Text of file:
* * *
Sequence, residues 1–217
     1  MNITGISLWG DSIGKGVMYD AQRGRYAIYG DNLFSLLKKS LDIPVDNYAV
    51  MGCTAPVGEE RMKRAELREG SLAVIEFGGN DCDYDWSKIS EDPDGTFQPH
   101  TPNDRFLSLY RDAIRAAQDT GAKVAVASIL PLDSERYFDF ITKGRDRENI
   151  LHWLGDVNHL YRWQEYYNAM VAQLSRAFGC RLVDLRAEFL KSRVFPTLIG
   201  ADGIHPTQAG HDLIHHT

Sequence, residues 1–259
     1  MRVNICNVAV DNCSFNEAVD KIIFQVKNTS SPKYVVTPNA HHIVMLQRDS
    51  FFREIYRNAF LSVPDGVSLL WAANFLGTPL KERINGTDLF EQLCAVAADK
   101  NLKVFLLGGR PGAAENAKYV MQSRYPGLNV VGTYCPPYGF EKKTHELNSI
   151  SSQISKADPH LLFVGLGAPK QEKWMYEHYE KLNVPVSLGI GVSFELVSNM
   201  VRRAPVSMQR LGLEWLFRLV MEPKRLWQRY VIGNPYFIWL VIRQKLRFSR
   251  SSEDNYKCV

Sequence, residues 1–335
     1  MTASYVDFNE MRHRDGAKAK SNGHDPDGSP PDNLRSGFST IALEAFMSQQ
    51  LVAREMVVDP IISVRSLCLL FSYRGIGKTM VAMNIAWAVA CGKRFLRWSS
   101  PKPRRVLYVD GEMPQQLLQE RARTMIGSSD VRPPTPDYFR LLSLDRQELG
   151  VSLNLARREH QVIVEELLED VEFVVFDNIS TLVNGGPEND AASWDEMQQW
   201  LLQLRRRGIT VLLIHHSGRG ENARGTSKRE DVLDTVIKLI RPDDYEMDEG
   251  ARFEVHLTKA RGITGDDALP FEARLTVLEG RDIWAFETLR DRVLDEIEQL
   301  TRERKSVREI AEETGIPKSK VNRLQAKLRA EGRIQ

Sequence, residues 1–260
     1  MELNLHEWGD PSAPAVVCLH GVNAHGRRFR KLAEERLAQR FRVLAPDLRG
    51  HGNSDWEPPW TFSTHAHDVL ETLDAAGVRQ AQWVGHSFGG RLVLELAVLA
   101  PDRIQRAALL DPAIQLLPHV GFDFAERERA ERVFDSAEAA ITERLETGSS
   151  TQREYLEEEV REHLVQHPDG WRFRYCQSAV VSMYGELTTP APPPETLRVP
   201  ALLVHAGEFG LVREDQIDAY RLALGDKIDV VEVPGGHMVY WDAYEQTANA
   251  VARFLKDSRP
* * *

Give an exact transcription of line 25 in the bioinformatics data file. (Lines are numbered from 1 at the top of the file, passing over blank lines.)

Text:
   101  PDRIQRAALL DPAIQLLPHV GFDFAERERA ERVFDSAEAA ITERLETGSS